College of Agriculture, Engineering
and Science (CAES)

Professor Colleen Downs, staff and students from the School of Life Sciences prepare to depart for the Cape Parrot Big Birding Day

Cape Parrot Big Birding Day Celebrates its 21st Year

Staff and students from the School of Life Sciences (SLS) recently took part in the landmark twenty-first national Cape Parrot Big Birding Day (CPBBD).

The CPBBD is a national census initiated in 1998 to determine the population trends of the Cape Parrot species.

Professor Colleen Downs is Chair of the Cape Parrot Working Group (CPWG), and has organised the CPBBD since its inception.

‘As the numbers of birds are relatively low, this census is extremely important in highlighting their plight,’ said Downs.

‘Each year the count is particularly important to determine a population estimate and determine if it is stable.’

The Cape Parrot (Poicephalus robustus) is a habitat specialist, and is listed as Endangered. These birds depend on mature Afromontane Yellowwood forest for most of their diet and nesting areas. Currently less than 2% of all South African landscapes comprise of natural forest and only a small proportion of those are Afromontane Yellowwood forests.

Counts took place in over 16 areas across the country, from Limpopo to the Eastern Cape, and covered many areas across KwaZulu-Natal. Counting the birds on one day is important for the reliability of the data, as they are nomadic feeders moving between food areas. Volunteers attempted to identify numbers of males, females and/or juveniles present and were instructed on how to distinguish between the birds, and were tasked with sending any Cape Parrot feathers found on to UKZN for a genetic study being undertaken. Results of the count will be published by the CPWG on its website later in the year.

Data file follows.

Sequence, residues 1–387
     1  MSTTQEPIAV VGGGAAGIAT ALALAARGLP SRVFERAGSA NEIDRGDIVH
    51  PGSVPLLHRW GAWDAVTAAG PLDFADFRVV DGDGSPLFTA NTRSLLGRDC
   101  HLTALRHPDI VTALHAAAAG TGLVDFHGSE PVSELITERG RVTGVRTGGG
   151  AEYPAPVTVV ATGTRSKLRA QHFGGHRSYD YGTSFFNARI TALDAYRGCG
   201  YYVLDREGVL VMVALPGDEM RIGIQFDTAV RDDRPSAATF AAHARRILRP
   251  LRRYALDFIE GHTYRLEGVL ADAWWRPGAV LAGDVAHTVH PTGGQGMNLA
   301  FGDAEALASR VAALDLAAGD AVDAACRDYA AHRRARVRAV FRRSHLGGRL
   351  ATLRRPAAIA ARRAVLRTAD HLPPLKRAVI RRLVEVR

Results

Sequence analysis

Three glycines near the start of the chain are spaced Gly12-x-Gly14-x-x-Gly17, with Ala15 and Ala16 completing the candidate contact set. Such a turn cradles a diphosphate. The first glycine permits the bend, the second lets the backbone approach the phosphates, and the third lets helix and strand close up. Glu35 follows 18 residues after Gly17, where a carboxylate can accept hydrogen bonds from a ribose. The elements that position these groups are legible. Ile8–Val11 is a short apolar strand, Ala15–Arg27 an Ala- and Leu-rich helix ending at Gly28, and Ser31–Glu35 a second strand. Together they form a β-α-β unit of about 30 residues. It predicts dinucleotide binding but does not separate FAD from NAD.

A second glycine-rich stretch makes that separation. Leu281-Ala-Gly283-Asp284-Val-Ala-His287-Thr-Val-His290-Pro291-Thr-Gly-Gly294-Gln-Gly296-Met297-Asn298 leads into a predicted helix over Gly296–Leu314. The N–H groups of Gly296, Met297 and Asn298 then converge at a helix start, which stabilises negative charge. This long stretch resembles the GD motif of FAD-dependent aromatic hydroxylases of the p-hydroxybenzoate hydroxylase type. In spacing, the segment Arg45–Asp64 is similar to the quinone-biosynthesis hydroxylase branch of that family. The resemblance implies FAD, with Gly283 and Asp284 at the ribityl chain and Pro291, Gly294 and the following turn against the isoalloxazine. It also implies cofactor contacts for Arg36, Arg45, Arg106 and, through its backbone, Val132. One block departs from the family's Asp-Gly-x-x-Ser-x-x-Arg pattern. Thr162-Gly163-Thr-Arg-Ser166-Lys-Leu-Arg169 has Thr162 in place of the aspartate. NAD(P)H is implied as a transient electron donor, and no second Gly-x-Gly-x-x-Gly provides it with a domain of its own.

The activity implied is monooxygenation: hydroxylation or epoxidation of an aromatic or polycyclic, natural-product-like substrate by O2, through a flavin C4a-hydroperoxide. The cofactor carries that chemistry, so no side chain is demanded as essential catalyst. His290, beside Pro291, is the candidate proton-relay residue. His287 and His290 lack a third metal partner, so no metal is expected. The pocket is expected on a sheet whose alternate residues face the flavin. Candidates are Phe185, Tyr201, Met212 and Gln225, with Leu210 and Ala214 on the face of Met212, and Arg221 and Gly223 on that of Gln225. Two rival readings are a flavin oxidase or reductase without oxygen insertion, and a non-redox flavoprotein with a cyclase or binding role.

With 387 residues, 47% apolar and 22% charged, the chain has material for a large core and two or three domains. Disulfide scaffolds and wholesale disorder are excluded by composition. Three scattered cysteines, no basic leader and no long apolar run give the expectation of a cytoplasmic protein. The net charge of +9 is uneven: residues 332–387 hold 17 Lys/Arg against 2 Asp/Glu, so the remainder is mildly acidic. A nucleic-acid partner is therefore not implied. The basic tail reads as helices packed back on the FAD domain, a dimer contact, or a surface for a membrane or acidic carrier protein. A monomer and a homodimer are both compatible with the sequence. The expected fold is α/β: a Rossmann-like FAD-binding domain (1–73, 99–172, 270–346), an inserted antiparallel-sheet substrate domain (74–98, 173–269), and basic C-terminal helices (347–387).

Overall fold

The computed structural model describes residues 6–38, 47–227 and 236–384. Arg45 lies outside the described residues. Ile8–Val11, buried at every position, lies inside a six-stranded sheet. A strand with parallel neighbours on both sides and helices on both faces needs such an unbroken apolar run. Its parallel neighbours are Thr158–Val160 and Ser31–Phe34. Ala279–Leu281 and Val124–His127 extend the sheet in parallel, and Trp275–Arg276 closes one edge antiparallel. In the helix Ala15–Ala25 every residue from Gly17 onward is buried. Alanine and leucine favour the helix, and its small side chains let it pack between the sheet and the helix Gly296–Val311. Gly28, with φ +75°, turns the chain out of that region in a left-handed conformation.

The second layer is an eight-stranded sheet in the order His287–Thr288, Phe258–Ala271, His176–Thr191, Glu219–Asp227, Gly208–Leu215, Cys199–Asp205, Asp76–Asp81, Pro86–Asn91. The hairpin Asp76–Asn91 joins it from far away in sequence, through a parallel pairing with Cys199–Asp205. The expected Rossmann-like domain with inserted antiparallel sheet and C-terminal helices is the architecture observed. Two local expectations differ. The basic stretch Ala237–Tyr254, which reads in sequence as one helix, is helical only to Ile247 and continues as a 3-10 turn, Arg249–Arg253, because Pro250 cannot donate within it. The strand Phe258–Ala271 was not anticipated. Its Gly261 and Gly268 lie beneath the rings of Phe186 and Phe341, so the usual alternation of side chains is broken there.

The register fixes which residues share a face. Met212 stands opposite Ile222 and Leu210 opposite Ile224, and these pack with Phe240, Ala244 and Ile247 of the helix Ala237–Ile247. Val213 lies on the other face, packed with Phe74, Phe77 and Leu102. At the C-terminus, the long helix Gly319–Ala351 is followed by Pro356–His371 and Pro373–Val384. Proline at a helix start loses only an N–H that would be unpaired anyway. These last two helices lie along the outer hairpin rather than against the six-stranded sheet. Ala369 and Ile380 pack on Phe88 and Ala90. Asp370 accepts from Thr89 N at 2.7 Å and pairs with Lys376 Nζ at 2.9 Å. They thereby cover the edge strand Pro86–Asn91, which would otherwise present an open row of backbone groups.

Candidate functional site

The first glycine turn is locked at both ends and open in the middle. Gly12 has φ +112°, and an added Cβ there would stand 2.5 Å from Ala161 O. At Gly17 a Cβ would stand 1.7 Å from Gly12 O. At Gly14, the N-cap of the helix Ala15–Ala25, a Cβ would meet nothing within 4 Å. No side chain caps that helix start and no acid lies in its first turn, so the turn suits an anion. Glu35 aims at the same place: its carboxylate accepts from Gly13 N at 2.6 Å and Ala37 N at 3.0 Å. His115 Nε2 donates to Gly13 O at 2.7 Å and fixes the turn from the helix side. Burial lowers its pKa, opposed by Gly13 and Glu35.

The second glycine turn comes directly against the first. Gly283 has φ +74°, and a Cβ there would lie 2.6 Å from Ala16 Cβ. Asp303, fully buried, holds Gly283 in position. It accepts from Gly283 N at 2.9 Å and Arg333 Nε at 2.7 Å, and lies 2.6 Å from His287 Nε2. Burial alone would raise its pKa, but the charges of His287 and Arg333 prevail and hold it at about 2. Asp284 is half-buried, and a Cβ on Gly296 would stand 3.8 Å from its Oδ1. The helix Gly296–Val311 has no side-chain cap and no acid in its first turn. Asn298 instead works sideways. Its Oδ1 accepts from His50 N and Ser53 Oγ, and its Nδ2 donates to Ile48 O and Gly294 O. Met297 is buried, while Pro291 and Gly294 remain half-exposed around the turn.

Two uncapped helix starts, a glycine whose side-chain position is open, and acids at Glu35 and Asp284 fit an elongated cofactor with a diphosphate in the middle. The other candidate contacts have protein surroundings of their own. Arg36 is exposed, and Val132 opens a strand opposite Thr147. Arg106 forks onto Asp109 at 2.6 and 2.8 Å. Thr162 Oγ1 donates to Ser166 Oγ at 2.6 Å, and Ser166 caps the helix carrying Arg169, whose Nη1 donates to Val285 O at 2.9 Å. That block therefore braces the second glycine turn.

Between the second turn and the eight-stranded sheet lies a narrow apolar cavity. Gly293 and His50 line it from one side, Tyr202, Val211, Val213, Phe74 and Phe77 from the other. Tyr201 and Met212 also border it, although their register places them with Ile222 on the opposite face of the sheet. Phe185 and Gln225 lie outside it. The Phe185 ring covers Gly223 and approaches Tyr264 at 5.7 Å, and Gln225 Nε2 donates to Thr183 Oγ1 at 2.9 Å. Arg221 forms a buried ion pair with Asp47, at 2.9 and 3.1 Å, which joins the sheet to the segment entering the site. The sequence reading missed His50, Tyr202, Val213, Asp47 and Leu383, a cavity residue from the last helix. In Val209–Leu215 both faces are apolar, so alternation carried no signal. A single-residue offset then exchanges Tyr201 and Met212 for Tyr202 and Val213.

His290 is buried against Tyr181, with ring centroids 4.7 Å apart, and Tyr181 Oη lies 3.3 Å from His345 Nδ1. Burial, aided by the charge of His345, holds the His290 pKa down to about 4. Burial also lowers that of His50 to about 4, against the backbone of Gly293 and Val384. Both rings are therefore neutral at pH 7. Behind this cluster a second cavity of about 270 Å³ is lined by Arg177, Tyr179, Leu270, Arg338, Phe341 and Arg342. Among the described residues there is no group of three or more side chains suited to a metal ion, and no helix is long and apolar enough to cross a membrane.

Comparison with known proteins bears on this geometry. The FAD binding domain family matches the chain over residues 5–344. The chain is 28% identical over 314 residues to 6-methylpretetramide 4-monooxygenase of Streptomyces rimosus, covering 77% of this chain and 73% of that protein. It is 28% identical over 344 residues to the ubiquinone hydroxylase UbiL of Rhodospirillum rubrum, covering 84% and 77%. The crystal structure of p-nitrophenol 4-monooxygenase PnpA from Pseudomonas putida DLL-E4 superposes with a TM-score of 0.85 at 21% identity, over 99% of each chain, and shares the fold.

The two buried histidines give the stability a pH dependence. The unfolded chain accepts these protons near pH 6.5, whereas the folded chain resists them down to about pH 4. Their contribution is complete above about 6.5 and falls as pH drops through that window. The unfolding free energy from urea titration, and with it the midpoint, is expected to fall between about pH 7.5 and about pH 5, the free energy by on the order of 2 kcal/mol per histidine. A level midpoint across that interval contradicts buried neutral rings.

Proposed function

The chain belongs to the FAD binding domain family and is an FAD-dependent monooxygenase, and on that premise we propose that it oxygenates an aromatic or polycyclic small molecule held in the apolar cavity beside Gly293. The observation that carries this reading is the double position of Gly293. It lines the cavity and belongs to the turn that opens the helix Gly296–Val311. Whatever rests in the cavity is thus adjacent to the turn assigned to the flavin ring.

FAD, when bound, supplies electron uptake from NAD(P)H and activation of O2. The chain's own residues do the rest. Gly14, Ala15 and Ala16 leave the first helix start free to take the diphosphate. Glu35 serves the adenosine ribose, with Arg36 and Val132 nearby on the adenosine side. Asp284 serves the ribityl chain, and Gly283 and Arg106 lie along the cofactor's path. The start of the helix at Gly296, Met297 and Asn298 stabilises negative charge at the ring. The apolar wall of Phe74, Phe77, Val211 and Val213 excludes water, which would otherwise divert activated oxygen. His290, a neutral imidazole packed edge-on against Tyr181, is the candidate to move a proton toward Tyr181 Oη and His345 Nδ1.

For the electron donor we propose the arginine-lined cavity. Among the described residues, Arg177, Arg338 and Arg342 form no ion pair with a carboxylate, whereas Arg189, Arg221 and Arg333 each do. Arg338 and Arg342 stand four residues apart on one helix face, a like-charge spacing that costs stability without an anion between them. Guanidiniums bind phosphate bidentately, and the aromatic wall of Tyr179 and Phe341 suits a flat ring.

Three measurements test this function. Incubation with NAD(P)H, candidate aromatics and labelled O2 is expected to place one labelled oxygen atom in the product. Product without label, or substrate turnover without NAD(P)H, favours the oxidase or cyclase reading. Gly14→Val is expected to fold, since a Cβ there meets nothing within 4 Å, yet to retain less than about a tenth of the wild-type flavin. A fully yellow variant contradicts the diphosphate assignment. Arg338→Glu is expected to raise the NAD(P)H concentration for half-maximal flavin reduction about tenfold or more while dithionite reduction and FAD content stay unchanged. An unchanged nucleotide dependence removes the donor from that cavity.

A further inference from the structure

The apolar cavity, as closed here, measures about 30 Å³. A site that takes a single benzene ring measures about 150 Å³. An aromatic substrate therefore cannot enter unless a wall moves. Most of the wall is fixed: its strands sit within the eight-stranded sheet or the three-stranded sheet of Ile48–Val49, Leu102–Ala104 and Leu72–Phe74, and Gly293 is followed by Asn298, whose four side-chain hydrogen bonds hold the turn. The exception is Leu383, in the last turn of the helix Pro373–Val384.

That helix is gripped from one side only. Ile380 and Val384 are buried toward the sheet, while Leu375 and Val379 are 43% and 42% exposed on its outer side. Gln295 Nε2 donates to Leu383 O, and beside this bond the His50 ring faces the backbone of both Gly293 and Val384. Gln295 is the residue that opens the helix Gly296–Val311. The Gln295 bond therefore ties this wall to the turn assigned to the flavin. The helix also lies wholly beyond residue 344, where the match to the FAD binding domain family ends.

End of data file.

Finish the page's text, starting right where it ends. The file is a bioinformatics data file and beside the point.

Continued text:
The event has grown in popularity over the years, and as participation has increased, so have sightings of these rare birds. However, numbers have remained consistent over the past five years, with estimates indicating that there are only around 1 600 Cape Parrots remaining in the wild.

Habitat fragmentation and loss continue through human over-utilisation and degradation, further fragmenting the Cape Parrot’s already disjointed habitat. Researchers are working on identifying and protecting IBAs for the Parrots, especially three key Important Bird and Biodiversity Areas (IBA) in Limpopo, KwaZulu-Natal and the Eastern Cape. They also face the threat of illegal hunting and capture, and increasing disease concerns as their habitat disappears.

A team of 25 UKZN staff and students counted at the Ngeli forest and the Empesheni forest, spotting over 100 of the birds. Downs assisted in the Gxalingele area with Ezemvelo KZN Wildlife (EKZNW) staff from Coleford, where local school children joined in the count.

Funds raised by sale of Woolworths’ Cape Parrot bag, designed for BirdLife South Africa (Birdlife SA) as part of Woolworths’ Good Business Journey, also supported this annual census event and forest research.

In 2015, researchers in SLS published a paper recommending that the Cape Parrot should be conferred the status of a full species. The subsequent reclassification is an important contribution to improving the species’ conservation priority and enabling the planning of conservation management strategies.

Words: Christine Cuénod

Photograph supplied by Colleen Downs